It is hard to construe this singular blend of animus and apathy. Even the "attack" on her bores him. So why did he cleave to Monica for another 32 years – till death did them part? He knew why. The reasons he gives Monica for not marrying her (often rehearsed) are the same reasons he surely gave himself for not leaving her. Failures of energy and courage, and a vast inertia.

Well, there was sex, too. Or was there? No indication is given, in the early letters, of the transition from friendship to romance. Turning to Andrew Motion's biography, we learn that Larkin "had come to me", as Monica quaintly put it, by the summer of 1950. (What would be the male equivalent of this phrase? "It was in August that I first took her"?) But such brooding cadences seem inapposite. "If it were announced that all sex would cease on 31 December," writes the hot 32-year-old on 15 December 1954, "my way of life wouldn't change at all." Evidently, though, they fumbled along. "[O]ften I'm quite uncertain whether you are feeling anything . . . you rarely seem to like anything more than anything else"; "I'm sorry our lovemaking fizzled out . . . I'm sorry to have failed you!" Larkin seeks a kind of safety in portraying himself as the omega male. Anyway, "taking care of business" (to paraphrase Aretha Franklin) was definitely not this man's game.

But these are turbid waters, thick with suspended matter, and go far deeper than Larkin's admittedly preternatural indolence. I defy any man – even the most self-sufficient poodlefaker – to read the following without a twinge: "I think . . . someone might do a little research on some of the inherent qualities of sex – its cruelty, its bullyingness, for instance. It seems to me that bending someone else to your will is the very stuff of sex, by force or neglect if you are male, by spitefulness or nagging or scenes if you are female. And what's more, both sides would sooner have it that way than not at all. I wouldn't. And I suspect that means not that I can enjoy sex in my own quiet way but that I can't enjoy it at all. It's like rugby football: either you like kicking & being kicked, or your soul cringes away from the whole affair. There's no way of quietly enjoying rugby football."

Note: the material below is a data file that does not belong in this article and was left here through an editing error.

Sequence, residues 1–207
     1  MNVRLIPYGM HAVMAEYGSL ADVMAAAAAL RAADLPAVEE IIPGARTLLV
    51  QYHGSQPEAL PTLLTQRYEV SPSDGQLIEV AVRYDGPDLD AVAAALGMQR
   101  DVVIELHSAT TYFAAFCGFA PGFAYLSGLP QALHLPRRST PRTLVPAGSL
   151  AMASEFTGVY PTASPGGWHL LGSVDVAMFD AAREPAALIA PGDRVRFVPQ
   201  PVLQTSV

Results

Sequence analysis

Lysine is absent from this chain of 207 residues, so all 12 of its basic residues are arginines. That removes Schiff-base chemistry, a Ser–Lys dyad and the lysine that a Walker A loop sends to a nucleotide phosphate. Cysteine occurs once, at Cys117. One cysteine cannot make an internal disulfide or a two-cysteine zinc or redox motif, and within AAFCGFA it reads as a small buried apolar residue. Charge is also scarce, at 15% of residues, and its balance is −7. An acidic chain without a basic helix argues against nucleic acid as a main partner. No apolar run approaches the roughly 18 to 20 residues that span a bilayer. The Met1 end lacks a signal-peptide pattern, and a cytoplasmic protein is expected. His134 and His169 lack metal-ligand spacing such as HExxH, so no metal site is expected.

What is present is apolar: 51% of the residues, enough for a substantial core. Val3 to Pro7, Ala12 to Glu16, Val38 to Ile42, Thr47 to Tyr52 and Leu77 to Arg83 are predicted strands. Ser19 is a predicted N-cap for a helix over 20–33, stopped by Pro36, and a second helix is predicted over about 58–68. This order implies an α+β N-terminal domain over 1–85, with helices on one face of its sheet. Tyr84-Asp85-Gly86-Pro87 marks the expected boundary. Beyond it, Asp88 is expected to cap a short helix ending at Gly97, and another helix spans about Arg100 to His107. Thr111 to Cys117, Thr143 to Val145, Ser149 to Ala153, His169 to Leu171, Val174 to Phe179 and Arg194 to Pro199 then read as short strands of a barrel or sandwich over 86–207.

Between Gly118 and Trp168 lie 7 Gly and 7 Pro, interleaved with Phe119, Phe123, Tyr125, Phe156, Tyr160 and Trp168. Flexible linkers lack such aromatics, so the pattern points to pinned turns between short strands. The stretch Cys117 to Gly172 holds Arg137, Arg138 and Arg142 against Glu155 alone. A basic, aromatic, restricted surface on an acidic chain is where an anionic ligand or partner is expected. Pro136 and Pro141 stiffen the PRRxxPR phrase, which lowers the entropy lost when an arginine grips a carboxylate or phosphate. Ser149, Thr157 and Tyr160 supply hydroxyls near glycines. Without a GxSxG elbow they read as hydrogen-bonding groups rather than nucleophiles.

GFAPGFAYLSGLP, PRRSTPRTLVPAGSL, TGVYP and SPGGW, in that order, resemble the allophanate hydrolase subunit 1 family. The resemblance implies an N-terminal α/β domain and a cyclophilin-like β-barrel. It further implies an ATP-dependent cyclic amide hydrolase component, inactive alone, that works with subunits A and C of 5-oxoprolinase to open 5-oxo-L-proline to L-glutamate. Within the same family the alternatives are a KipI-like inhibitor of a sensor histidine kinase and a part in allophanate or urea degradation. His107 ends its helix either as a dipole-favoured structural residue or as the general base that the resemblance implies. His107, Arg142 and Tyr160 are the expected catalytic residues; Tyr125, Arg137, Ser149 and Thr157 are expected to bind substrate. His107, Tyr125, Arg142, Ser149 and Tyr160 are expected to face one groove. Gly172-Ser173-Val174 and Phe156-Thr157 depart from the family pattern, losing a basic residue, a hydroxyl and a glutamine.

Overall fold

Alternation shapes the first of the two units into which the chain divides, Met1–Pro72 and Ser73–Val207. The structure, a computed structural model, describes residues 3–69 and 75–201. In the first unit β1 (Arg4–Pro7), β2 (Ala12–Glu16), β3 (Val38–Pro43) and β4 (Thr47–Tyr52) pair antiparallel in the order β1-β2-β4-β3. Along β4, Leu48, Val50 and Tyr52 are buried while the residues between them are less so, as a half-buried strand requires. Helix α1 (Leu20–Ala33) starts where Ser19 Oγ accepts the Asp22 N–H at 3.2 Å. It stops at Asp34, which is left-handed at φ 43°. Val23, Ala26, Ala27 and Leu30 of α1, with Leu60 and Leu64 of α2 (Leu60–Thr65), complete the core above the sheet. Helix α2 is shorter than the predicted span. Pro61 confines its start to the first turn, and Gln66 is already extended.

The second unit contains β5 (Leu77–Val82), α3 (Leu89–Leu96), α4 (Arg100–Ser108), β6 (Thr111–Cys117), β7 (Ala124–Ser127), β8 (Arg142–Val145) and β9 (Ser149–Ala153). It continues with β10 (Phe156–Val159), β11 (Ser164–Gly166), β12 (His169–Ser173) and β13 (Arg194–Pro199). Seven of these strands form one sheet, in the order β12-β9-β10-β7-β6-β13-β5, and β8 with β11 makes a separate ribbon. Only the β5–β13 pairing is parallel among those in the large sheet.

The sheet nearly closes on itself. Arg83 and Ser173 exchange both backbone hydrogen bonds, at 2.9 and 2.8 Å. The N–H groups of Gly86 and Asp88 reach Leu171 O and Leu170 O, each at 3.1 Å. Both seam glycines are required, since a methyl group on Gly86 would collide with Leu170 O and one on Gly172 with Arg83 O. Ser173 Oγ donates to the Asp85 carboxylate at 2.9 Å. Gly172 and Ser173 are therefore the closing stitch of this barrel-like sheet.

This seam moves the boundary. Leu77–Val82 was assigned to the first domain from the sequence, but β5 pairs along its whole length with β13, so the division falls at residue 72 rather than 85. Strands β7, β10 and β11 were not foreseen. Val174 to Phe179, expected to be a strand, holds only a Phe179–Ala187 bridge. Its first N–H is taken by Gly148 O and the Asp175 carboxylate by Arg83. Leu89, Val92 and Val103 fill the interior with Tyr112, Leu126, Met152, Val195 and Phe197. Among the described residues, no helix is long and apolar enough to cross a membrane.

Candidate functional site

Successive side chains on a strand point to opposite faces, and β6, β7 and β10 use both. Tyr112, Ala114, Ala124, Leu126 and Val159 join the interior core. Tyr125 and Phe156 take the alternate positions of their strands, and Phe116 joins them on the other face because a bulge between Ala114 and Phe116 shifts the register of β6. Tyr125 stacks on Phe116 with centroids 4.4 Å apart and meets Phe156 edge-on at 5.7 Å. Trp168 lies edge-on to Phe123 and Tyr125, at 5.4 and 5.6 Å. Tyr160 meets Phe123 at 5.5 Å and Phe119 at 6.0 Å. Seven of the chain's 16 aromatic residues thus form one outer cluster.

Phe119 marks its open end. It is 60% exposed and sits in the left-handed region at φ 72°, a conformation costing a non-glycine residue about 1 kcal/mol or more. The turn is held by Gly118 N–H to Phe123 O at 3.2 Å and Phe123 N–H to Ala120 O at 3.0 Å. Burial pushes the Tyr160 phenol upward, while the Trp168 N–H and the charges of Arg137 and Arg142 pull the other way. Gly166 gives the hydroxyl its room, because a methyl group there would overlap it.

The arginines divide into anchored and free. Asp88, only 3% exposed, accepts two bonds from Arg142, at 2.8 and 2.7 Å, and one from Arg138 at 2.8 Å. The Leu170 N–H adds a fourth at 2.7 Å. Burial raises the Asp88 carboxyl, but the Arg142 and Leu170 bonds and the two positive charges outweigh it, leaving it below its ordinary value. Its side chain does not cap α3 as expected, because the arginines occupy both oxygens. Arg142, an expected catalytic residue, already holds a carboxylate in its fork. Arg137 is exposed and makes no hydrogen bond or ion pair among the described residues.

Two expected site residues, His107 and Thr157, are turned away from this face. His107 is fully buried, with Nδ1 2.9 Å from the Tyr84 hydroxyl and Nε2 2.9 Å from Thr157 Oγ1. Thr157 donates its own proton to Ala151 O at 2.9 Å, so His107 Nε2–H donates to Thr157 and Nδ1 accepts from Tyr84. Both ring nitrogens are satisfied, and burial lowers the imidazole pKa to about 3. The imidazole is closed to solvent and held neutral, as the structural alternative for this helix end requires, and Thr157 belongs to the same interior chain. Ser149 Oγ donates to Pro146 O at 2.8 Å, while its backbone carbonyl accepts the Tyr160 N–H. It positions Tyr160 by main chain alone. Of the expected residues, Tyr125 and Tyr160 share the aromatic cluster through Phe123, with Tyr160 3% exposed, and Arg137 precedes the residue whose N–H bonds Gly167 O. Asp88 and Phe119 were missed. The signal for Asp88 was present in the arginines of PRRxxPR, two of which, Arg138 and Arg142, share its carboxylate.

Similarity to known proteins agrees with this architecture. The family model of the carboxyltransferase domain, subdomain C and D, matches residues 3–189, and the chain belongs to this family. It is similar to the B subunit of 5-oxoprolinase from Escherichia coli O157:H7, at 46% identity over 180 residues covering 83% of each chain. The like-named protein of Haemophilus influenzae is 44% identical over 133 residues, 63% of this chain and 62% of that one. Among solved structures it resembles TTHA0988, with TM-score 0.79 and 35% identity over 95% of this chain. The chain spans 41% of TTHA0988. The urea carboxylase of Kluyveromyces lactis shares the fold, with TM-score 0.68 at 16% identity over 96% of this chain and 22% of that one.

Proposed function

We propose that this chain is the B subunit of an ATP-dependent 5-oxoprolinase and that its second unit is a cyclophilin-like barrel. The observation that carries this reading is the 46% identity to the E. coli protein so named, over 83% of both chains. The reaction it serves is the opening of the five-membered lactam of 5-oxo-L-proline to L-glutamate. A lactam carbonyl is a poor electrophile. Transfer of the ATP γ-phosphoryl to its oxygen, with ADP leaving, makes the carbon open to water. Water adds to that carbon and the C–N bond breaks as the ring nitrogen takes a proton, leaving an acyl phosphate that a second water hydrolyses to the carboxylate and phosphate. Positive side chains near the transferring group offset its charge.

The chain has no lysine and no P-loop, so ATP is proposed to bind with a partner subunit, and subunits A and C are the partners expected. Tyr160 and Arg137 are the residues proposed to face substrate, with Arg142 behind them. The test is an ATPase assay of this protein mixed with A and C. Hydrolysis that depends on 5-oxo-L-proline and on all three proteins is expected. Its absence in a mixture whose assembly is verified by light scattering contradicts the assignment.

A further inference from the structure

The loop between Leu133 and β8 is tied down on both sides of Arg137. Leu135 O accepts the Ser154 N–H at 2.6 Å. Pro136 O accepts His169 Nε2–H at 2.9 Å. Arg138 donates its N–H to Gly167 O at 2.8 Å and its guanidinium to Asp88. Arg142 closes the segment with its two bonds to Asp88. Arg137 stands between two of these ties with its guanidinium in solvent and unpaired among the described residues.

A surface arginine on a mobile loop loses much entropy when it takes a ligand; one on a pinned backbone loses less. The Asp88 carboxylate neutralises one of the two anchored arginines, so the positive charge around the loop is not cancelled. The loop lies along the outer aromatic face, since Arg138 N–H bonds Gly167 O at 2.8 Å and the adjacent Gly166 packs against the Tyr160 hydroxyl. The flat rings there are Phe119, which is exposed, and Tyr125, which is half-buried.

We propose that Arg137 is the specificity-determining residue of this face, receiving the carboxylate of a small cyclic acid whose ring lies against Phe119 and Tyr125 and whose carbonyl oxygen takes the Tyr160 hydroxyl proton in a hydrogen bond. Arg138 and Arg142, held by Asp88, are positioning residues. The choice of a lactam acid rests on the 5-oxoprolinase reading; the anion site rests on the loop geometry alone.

"In bed," the poet Ian Hamilton once told me, "you don't want to be too clear-headed about what you're doing." Larkin's clarity, his almost clinical over-sensitivity (naturally vital to his genius), could not be muted or muffled. This was his curse.

Or one of them. In Dostoevsky's Demons (1872) Varvara Petrovna accuses a portly valetudinarian bachelor of being "an old woman" – a verdict she promptly refines to "an old bag". Larkin, in his daily dealings (haircut, train ticket, utilities bill, new pullover, salaried employment), had a fair bit of the old bag in him ("I think there's a lot of infection about these days," he typically quavers, "upsetting one's insides: with all these foreigners about [in Hull, in 1966], one is never completely well, as when abroad"). There was, of course, a prominent old woman in his life – his mother, whose solitary widowhood lasted 30 years: "For her the daily round is hideous with traps, and dangerous with hidden ambush, and calamity: it is all she can do to creep through it unscathed. She . . . spends the time thinking about next summer's thunder-storms, gas taps, electricity switches, dark clouds, and I don't know what." Eva Larkin, then, in combination with the long-deceased Sydney (clever, cynical, despotic and pro-Nazi even after the outbreak of the second world war), might be expected to leave her son a heavy legacy.

"[M]y mother seems to be resuming her normal whining panicky grumbling maddening manner," he writes, perhaps self-revealingly. On the whole, though, Larkin tries to resist Freudian entendres and psychological determinisms: "[I]f one starts blaming one's parents, well, one would never stop! Butler said that anyone who was still worrying about his parents at 35 was a fool, but he certainly didn't forget them himself, and I think the influence they exert is enormous . . . I never remember my parents making a single spontaneous gesture of affection towards each other, for instance."